When is it time to have your hearing checked? Here are four signs that you should get your hearing tested.
I guess my TV is regularly turned up to the point where my kids recently complained. You know what my response was? I said, “What”? It was humorous. Because it was a joke. But, in reality, it was anything but funny. The TV has been getting progressively louder. And that got me thinking that perhaps it’s time for a hearing test.
It really doesn’t make much sense to avoid getting a hearing assessment. Hearing tests don’t cause you any discomfort, they’re non-invasive, and there’s no radiation. You’ve probably just been putting it off.
Considering how much untreated hearing loss can affect your health, you really should be more vigilant about making sure your hearing loss hasn’t gotten worse.
Hearing exams are important for a wide variety of reasons. It’s often hard for you to observe the earliest signs of hearing loss without one, and even mild hearing impairment can affect your health.
So when should you have a hearing test? Here are several ways to know if you need to come see us.
You should get your hearing tested if you experience these signs
If you’ve recently experienced any of the symptoms of hearing loss, it’s definitely a good idea to get a professional hearing exam. Naturally, if things are hard to hear, that’s a pretty solid indication of hearing loss.
But that’s not the only symptom, and there are some signs of hearing impairment that are far less apparent:
- It seems as if people are mumbling when they speak: Sometimes, it’s not loss of volume you have to be concerned with, it’s a loss of definition. One of the earlier signs of hearing loss is trouble following conversations. It may be time for a hearing screening if you detect this occurring more and more frequently.
- You don’t always hear alerts for text messages: Your cellphone (or mobile device, as they’re called these days) is made to be loud. So if you keep finding text messages or calls that you failed to hear, it’s most likely because you couldn’t hear them. And maybe, when you think about it, you’re failing to hear more common sounds.
- It’s difficult to hear in noisy places: Have you ever had a hard time keeping up with conversations because of background noise in a busy room? If this seems familiar you could be experiencing hearing loss. As your hearing goes from healthy to impaired, one of the first warning signs is the loss of the ability to identify distinct sounds.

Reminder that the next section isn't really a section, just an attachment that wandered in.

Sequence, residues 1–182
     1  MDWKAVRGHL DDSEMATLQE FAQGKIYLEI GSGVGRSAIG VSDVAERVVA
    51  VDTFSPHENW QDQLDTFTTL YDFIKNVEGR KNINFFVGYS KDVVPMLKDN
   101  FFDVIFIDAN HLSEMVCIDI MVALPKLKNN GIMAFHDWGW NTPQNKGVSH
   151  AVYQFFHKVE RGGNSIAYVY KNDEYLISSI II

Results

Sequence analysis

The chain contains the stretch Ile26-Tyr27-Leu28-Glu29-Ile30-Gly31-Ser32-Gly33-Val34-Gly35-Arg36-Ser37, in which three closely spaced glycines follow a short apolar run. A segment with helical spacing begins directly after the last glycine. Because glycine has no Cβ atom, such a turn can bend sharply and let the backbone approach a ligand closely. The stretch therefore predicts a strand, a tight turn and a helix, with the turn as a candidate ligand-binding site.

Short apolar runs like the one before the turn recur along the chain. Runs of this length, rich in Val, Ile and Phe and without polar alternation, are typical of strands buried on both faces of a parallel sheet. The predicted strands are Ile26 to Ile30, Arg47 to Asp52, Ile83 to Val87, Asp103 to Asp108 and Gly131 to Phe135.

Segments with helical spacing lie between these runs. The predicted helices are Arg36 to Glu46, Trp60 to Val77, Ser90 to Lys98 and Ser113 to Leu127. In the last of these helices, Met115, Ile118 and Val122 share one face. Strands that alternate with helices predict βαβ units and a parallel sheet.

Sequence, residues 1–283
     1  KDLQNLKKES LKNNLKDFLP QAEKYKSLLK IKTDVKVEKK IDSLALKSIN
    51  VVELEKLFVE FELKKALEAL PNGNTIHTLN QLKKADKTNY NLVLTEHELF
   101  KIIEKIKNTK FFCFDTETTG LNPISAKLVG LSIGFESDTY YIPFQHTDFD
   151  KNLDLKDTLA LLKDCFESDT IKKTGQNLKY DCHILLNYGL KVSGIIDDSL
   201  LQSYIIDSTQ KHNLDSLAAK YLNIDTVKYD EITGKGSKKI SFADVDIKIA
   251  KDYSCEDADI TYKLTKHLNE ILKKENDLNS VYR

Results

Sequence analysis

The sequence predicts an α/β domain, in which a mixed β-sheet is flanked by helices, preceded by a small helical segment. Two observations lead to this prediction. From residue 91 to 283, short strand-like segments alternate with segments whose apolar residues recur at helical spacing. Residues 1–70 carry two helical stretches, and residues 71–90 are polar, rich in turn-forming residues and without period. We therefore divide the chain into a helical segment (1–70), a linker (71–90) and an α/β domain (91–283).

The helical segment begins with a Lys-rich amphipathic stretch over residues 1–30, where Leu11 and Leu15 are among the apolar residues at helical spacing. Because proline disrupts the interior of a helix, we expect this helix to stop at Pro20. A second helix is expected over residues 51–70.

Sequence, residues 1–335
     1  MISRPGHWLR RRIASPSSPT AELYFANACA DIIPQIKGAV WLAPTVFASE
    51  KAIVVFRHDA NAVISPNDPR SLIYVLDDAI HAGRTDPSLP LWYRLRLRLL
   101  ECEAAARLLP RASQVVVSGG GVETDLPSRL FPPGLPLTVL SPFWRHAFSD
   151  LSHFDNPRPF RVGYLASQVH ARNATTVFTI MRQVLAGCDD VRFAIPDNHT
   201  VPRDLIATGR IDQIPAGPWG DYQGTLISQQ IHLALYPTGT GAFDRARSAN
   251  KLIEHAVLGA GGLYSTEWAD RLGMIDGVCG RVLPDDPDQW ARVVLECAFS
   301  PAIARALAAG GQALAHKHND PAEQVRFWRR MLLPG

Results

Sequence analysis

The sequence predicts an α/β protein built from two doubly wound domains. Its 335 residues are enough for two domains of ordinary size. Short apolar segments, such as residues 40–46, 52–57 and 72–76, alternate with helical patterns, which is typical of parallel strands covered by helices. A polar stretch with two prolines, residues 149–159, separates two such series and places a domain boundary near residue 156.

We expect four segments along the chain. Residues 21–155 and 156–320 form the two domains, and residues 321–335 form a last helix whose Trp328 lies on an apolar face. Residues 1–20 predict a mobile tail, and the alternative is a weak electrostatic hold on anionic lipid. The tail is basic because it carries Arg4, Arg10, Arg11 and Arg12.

- Persistent ringing in your ears: Ringing in your ears, which is called tinnitus, is often a symptom of hearing damage. Ringing in the ear might or might not point to hearing loss. But it’s definitely a sign that you should get a hearing test.
Here are several other situations that show you should make an appointment for a hearing exam:
- You take specific medications that can harm your hearing
- You experience vertigo
- You can’t easily determine where specific sounds are coming from
- You have a buildup of ear wax you’re body can’t clear on your own
- you’re experiencing an ear infection and it won’t clear up
This list is certainly not exhaustive. There are other examples of red flags (if, for example, the volume on your TV is maxed out and you still wish it could go just a little bit louder). It would be a good idea to follow up on any of these signs.
But what if, to your awareness, you haven’t encountered any of these potential signs of hearing loss? So how frequently should you get your hearing tested? There’s a guideline for everything, right, so there’s got to be a guideline for this. Well, yes, there are recommendations.
- Sometime after you turn 21, you should have a hearing assessment. Then your mature hearing will have a baseline.
- If your hearing is healthy, have hearing screenings or tests every three years or so. But be sure you mark these appointments in your calendar or medical records because it’s easy to forget over these large periods of time.
- You’ll want to get tested right away if you detect any signs of hearing loss and after that once every year.
Routine screenings can help you discover hearing loss before any warning signs appear. The earlier you obtain treatment, the better you’ll be able to maintain your hearing into the future. So it’s time to pick up the phone and make an appointment for a hearing test.